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This is your brain while facing risky scenarios

The anterior insular, found in both hemispheres, acts like a stop sign when faced with risky decisions and cautions us. It is more related to the underlying risk than the associated outcome.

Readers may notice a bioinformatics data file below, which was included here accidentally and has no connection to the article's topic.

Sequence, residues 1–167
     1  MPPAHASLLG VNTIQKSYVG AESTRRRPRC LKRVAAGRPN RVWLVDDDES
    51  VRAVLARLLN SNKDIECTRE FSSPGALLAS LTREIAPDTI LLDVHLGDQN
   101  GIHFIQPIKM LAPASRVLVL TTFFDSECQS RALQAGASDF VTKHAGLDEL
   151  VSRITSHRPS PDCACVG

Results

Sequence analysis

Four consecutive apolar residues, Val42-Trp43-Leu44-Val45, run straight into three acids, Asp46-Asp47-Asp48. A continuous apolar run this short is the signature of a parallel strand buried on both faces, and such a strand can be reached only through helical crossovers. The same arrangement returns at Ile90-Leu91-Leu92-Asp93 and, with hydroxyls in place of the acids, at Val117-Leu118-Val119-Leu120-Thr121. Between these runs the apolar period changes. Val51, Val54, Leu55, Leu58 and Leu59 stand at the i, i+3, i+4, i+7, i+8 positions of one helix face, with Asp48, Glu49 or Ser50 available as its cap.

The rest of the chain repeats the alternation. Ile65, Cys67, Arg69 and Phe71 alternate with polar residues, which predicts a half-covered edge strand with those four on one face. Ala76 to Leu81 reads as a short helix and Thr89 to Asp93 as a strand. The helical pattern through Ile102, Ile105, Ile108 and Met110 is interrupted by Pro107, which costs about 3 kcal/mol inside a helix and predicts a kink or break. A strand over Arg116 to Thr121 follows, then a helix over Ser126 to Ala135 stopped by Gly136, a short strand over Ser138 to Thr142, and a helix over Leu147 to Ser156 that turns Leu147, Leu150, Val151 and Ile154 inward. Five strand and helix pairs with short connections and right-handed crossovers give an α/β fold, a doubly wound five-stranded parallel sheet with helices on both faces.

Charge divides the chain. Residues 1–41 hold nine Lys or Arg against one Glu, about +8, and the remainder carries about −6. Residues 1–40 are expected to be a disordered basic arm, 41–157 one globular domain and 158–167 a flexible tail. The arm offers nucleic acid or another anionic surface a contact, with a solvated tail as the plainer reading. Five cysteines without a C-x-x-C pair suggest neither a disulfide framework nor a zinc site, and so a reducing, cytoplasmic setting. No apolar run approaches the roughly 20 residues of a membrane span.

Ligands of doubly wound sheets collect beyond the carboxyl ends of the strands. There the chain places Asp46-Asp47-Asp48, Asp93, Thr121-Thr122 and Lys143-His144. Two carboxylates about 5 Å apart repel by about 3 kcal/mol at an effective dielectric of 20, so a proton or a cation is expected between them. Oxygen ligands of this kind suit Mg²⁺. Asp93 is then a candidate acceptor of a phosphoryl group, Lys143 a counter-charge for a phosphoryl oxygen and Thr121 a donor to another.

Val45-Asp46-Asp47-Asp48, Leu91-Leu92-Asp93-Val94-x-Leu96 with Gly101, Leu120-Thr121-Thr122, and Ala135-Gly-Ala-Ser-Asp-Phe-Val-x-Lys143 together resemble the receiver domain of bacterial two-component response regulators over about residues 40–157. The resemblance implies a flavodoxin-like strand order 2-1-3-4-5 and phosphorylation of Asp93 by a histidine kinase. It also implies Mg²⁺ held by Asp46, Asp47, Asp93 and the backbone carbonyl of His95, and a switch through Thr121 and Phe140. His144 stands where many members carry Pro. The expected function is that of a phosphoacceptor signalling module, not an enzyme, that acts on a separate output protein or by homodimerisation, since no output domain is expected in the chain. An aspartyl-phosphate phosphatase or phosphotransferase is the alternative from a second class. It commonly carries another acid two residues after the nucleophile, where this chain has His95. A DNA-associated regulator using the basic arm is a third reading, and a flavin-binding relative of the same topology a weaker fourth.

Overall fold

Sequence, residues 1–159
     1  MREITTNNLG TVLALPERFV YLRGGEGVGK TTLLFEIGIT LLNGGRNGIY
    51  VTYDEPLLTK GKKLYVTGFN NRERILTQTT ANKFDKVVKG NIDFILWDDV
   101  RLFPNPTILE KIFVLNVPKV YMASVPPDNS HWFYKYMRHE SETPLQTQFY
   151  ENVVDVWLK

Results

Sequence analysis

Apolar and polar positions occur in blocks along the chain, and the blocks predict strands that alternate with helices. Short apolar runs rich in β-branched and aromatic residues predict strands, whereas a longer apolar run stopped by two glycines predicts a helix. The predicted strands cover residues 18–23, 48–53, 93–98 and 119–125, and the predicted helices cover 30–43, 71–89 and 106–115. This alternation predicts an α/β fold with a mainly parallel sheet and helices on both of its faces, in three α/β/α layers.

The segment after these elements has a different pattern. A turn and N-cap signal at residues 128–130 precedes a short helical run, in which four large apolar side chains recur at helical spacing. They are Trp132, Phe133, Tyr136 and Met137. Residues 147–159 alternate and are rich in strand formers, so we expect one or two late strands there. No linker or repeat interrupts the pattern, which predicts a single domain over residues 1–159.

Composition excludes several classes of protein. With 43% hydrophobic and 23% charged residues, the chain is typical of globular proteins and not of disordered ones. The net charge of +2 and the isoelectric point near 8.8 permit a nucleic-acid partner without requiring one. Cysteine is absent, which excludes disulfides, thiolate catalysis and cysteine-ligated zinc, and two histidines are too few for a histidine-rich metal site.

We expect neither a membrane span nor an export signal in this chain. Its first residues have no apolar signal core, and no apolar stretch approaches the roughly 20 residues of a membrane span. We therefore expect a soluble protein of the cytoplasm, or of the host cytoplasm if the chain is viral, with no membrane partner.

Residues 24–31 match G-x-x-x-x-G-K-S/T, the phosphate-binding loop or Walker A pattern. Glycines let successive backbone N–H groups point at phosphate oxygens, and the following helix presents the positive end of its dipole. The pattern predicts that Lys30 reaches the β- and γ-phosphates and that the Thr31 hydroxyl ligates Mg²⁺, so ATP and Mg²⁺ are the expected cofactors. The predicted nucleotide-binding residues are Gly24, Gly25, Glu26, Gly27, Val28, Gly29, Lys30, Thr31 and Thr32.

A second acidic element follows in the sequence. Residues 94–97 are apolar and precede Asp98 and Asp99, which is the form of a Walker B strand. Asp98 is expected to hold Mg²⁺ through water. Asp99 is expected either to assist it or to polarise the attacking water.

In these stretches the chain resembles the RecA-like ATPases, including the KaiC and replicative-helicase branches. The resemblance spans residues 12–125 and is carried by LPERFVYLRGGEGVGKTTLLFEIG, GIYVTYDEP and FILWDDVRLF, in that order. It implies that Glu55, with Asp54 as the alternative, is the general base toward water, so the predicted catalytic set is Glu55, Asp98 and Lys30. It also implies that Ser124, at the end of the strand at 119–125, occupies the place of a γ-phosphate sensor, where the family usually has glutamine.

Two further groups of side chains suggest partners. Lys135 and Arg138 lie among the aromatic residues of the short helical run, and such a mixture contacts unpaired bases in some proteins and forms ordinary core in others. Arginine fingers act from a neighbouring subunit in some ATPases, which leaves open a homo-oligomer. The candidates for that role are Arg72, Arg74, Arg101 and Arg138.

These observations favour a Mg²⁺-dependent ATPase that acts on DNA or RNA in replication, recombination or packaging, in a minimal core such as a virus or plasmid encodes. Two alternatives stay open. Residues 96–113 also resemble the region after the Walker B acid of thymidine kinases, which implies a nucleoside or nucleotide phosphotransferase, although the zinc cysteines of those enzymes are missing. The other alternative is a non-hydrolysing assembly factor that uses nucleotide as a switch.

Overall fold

Scientists at the University of Bonn developed a model by combining socioeconomic, psychological and neuro-scientific data. FMRI scans were conducted on participants, who were made to undertake a test, simulating a series of risky scenarios. The models showed that, in addition to already known economic factors such as income and education, risk optimism and risk tolerance in particular have a major influence on decisions.